‘Vision Zero’ for Seattle

Background Reading

Summary

© Kelly Shea / The Seattle Times

© Kelly Shea / The Seattle Times

SDOT proposal: Seattle drivers should slow down to save lives

A LEADING cause of death for Seattle residents ages 5 through 24 is preventable, not accidental. If it were a disease, our finest doctors would try to find a cure. But it’s not a disease; it’s traffic collisions. And, it’s time to do something new about it.

While Seattle is consistently ranked as a safe city for pedestrians, we can do better. That’s why, starting now, traffic engineers at the Seattle Department of Transportation and police officers at the Seattle Police Department will work to achieve a goal of zero traffic-related fatalities and serious injuries by 2030. And we need your help, too, for the effort called Vision Zero.

Vision Zero is an approach to road safety that acknowledges that people make mistakes. It focuses on designing safe and forgiving streets, no matter if you are walking, biking or driving. Vision Zero principles have saved lives in places like Sweden and New York, and can do the same here in Seattle.

Every year in the U.S., 33,000 people die and 3.9 million people are injured in traffic collisions. More than 90 people lose their lives every day in traffic. In addition to mourning a loved one killed in a crash, families left behind pay a terrible price of $6 million per fatality through lost earnings, medical costs and property damage.

We’re not immune in Seattle. In 2013, we saw more than 10,000 police-reported crashes, in which 155 people were seriously injured and 23 people died. Last year brought another 15 fatalities. We should not accept traffic fatalities as a byproduct of commuting.

People who are walking or biking represent 3 percent of collisions, but 50 percent of fatalities. Our most vulnerable residents — children and seniors, minorities and low-income residents, and people with disabilities — are disproportionately impacted.

The numbers are staggering; they are unacceptable. And, with focus and investment, they are preventable.

We will focus on major streets (arterials), where 90 percent of serious and fatal crashes occur. Look for near-term safety changes and increased enforcement on Rainier Avenue, 35th Avenue Southwest and Lake City Way, and increased enforcement throughout the city.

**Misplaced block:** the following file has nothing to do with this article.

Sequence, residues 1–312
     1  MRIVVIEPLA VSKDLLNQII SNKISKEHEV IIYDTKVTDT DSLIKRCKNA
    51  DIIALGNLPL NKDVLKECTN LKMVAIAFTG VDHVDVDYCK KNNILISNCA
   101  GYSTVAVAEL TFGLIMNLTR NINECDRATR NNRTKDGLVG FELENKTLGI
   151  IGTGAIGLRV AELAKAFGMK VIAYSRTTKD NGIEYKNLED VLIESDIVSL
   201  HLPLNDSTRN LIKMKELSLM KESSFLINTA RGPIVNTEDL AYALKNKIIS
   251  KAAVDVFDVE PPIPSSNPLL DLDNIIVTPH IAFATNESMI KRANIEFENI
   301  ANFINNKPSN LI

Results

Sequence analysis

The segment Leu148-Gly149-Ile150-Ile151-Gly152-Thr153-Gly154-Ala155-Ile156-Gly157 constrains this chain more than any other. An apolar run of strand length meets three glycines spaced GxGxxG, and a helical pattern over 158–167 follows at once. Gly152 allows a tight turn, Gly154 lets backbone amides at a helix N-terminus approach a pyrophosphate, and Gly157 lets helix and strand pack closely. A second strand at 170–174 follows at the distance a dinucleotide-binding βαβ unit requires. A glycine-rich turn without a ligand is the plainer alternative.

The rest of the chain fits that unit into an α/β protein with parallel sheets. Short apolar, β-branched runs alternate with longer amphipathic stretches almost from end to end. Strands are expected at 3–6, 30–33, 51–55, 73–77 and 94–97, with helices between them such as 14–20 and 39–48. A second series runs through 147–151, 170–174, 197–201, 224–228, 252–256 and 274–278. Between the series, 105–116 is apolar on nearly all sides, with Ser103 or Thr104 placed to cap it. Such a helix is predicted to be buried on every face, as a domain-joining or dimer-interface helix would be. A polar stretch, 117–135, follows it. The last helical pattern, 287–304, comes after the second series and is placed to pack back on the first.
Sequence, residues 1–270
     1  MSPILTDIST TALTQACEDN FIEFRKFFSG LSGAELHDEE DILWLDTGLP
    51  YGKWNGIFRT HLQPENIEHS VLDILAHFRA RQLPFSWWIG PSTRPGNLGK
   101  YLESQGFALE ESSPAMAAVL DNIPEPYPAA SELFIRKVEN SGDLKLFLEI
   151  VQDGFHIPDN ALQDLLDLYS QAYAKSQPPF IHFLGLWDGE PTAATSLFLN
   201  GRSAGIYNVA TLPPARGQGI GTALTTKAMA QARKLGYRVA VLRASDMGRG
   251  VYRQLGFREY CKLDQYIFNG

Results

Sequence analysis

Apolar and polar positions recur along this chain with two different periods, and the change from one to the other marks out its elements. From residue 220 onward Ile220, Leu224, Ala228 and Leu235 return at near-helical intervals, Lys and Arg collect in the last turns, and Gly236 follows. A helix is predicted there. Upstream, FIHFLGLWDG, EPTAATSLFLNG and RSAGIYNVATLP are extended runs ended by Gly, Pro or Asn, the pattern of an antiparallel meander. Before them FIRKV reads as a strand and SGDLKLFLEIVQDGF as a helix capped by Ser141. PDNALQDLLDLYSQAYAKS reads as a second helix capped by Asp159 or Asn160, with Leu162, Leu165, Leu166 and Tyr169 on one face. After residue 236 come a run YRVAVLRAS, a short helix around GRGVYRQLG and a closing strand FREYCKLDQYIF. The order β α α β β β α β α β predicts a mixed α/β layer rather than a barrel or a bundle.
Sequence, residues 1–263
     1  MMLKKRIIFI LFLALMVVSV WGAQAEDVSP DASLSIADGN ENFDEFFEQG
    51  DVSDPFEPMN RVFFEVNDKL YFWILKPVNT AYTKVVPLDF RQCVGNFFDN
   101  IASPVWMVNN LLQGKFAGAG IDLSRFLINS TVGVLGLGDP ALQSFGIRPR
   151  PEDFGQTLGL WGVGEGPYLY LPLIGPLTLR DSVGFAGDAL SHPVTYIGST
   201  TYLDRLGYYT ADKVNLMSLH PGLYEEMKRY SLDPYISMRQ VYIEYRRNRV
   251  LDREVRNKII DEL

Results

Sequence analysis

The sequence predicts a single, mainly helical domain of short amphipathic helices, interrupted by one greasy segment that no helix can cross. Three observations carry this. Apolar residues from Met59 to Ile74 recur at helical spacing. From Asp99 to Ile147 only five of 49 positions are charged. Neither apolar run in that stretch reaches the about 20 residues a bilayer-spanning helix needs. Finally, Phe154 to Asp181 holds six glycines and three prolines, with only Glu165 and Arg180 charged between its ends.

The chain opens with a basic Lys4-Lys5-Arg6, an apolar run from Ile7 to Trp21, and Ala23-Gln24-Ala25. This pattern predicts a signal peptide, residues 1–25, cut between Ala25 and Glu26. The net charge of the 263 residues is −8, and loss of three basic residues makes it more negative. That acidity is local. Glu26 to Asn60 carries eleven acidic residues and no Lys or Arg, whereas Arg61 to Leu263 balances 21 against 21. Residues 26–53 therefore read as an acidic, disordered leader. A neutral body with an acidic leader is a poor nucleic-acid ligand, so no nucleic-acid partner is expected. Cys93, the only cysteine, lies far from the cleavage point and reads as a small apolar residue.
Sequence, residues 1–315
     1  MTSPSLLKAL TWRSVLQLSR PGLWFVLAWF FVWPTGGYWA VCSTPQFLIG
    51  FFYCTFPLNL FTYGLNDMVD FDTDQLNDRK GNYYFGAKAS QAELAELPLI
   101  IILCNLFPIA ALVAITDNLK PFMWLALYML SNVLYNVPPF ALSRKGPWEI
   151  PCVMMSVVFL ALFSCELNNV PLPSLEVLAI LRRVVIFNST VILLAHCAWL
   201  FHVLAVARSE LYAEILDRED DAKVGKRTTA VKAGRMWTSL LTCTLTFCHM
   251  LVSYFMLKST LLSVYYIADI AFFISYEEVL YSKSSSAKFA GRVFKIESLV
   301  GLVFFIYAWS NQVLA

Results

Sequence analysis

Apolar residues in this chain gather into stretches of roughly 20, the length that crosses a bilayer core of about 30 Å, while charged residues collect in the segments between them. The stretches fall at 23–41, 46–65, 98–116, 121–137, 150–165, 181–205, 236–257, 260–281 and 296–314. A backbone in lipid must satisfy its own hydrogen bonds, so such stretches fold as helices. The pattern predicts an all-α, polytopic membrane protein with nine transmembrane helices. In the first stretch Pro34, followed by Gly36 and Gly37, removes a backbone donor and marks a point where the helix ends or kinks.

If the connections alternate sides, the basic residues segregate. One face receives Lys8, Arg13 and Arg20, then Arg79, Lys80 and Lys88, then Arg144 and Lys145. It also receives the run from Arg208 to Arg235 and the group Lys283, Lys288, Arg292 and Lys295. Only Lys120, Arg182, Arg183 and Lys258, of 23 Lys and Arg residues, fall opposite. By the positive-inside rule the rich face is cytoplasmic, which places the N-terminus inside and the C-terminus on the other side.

The city will lower speeds. The laws of physics tell us that higher speeds result in more crashes, injuries and deaths. Downtown speed limits will go from 30 mph to 25 mph by the end of the year; arterials citywide will be 30 mph or lower; and non-arterials in high-collision areas near parks and schools will be 20 mph. To protect children, the most vulnerable residents, we will install a minimum of 12 new safety cameras in six school zones this year. We will increase enforcement and conduct emphasis patrols in high-crash areas.

We will make improvements in busy areas where lots of people walk, bike and drive. For example, we will adjust traffic signals to give people who are walking a head start crossing the street so they are more visible to drivers.

Some changes may impact travel times. The average car trip in Seattle is 3.5 miles. If that driver is traveling 35 mph without any interruptions, reducing the speed by 5 mph would add one minute to his or her trip. As a city, we can spare a minute to save a life.

We dedicate these actions to Sandhya Khadka and Sher Kung, young women who lost their lives last year. We dedicate them to Zeytuna Edo, a young girl seriously injured while crossing the street, and to all those who’ve had their lives changed forever by crashes.

While we will roll out street changes and enhanced enforcement and education efforts, we need Seattle residents to help us reach zero by following the rules of the road. Their decisions — to speed, to travel impaired or distracted — impact not just them, but families throughout the entire community. Be predictable, visible and look out for each other.

It’s time to slow down to the speed of life.

Scott Kubly, Seattle’s Department of Transportation director, previously served as deputy director of the Chicago Department of Transportation and, before that, as associate director for the District Department of Transportation in Washington, D.C.

TakeAways

Scott, please in future communications make it clear that speeding is a problem across the board. Bicycles in close proximity can be as deadly to pedestrians as automobiles. Head injuries due to bicycle collisions might not kill you at the scene of the collision, but whether you die from traumatic brain injury a day or a year later the result is the same.